Today's hectic development cycle of building, shipping, and scaling quickly can cause us to overlook website accessibility (a11y)
The Aim Our goal is to have a CI pipeline which can run Cypress browser tests against a web application which is built as a Docker container (e.g. an application that you run on Cloud Run or Amazon ECS).
We've all been there. The developers have merged their final pull requests. The pipelines have all passed. The design team has approved. The staging website has passed QA. Ready for production. Right? 😃
As the websites and digital products we build become more and more complex, it is more important than ever to ensure that we are not excluding people from being able to experience them. It is therefore imperative that we understand how all users interact with our products, particularly screen reader users. I'm not saying we all need to be experts at using them, even though that's not a bad goal, ...
It can be difficult to ignore the niggling thought that the career path you chose as a teenager might not be the most suitable direction for the person you have become. After having so much time for reflection over the last few years, many people are experiencing this same worry. In 2021, there was a 24% rise in applications from mature students for full-time undergraduate degrees, raising the bar for ...
tl;dr I'd like to see services like GitHub and GitLab give users the option to hide their contribution activity to help foster a healthier environment.
Making websites has become easy. As creatures of habit, we use the same tools we love to get our job done. As the world is slowly but surely facing irreversible changes because of human activities, what can we do to help as developers?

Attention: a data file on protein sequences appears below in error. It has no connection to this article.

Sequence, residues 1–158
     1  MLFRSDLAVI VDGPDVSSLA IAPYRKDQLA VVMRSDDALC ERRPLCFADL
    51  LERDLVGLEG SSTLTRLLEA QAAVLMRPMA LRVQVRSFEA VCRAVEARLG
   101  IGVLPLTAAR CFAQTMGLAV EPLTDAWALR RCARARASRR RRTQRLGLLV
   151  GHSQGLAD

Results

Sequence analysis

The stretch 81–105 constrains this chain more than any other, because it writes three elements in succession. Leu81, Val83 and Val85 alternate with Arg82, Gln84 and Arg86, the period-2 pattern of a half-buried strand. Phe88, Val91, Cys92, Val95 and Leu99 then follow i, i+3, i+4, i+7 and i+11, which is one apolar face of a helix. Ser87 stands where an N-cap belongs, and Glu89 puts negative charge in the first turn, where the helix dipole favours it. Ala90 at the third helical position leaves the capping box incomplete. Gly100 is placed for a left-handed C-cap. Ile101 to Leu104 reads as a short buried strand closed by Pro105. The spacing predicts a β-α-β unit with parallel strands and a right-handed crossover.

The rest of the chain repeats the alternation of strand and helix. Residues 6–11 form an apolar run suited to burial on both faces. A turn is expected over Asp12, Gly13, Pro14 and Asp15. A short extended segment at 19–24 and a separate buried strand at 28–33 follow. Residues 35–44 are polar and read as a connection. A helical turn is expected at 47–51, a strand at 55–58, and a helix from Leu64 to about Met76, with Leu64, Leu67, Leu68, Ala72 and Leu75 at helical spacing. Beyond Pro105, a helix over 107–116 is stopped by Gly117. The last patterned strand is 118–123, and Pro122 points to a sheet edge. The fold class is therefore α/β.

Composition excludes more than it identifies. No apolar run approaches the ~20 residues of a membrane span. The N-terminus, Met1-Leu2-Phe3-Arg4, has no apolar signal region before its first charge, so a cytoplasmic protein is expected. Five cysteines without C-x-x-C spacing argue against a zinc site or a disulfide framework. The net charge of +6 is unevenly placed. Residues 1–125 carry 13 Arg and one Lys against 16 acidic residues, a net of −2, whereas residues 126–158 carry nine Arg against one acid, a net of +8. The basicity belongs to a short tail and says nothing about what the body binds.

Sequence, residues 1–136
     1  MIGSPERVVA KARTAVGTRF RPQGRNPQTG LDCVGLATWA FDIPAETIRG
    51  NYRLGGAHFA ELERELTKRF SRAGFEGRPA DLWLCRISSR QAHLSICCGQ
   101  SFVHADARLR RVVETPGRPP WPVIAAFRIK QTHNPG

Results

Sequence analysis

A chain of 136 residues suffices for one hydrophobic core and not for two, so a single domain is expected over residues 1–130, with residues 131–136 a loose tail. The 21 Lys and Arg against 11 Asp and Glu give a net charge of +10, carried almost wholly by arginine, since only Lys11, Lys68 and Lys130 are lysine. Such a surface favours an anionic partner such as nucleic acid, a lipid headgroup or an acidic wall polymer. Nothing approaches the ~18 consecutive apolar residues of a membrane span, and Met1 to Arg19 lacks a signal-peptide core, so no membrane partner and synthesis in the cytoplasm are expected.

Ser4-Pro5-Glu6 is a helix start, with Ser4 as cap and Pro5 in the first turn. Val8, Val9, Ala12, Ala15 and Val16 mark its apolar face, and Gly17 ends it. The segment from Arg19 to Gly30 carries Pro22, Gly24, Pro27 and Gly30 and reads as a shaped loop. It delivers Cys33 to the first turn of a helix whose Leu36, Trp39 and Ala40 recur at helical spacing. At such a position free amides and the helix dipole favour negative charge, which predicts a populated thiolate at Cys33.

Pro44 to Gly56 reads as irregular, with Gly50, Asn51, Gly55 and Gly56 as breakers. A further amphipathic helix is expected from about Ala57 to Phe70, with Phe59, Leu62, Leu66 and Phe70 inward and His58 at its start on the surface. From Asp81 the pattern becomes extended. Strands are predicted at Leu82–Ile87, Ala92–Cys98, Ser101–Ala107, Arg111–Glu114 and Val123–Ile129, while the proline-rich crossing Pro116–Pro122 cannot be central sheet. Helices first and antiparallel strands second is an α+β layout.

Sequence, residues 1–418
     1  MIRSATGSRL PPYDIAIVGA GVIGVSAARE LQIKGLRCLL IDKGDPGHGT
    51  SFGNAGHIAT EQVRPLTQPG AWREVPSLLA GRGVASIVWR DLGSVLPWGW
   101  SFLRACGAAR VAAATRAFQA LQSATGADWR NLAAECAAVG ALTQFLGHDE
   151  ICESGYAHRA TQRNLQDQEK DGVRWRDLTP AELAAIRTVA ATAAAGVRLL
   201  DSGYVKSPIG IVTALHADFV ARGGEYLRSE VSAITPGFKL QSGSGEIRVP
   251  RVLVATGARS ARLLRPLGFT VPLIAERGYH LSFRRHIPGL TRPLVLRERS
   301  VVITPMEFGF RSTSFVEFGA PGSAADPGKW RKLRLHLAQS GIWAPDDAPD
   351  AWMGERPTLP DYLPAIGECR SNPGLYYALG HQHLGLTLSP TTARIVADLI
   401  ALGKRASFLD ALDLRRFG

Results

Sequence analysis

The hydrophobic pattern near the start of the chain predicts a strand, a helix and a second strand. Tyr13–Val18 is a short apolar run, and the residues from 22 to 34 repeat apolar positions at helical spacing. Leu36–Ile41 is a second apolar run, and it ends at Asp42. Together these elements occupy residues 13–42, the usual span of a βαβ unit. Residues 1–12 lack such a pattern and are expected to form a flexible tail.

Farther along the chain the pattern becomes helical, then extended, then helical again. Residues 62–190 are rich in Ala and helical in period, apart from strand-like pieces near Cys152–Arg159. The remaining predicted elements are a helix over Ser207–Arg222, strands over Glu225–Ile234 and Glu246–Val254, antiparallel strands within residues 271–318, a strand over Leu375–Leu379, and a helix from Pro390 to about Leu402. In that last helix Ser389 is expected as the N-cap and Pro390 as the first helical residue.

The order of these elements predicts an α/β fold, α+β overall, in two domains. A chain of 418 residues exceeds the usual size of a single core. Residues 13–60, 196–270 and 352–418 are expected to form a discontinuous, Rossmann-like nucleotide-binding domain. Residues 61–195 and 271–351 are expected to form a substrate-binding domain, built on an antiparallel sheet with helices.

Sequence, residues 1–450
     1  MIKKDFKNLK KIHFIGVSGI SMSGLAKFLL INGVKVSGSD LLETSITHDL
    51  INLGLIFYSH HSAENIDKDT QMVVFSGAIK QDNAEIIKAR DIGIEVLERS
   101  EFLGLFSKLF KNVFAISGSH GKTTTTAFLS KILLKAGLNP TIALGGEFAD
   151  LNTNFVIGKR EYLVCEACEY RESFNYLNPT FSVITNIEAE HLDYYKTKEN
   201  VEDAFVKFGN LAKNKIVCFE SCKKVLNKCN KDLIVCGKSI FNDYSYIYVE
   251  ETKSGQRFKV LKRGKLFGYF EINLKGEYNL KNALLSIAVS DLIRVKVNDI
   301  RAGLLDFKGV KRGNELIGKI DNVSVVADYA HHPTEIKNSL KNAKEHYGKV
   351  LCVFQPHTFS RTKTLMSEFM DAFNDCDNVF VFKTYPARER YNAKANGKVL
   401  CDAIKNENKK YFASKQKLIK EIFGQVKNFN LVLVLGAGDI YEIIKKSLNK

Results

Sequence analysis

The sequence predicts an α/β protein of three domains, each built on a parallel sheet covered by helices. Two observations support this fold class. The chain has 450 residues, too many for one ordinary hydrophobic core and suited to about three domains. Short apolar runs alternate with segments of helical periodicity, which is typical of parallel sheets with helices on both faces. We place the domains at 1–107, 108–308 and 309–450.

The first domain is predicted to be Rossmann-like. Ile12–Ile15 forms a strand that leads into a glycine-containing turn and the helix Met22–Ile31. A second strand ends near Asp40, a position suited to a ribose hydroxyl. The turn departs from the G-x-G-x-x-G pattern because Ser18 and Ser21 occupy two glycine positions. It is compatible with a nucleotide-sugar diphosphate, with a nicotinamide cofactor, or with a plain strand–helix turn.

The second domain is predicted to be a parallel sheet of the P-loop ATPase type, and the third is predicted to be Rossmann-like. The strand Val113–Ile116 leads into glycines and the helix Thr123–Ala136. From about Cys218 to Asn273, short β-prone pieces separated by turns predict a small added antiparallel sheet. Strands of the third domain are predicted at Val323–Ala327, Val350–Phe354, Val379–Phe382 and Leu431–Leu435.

We often talk about user-centered design and development, however the process rarely includes accessibility and UX research with users with disabilities or impairments. (Web) accessibility is the practice of making your websites usable by as many people as possible, thus providing equal access to information and communications technologies, including the Web, to people with disabilities or impairments. Simply put, accessibility is a basic human right.
As a developer, you want to ensure your work is accessible, but it can be hard to know where or how to start. You’ve been trained to write semantic HTML & add alt tags, but is that enough? What about a Lighthouse score of 100 — does that cover everything? (Hint: It doesn’t!)
If you're starting out in web development or are a bit rusty about the general scaffolding and technologies required to make the web possible, this high level overview could help you avoid time-consuming setbacks. Knowing how the web works enables developers to make informed architectural decisions, pinpoint bottlenecks and errors, and build solutions that are optimised for the medium they're intended for. My intention is to provide enough clarity on ...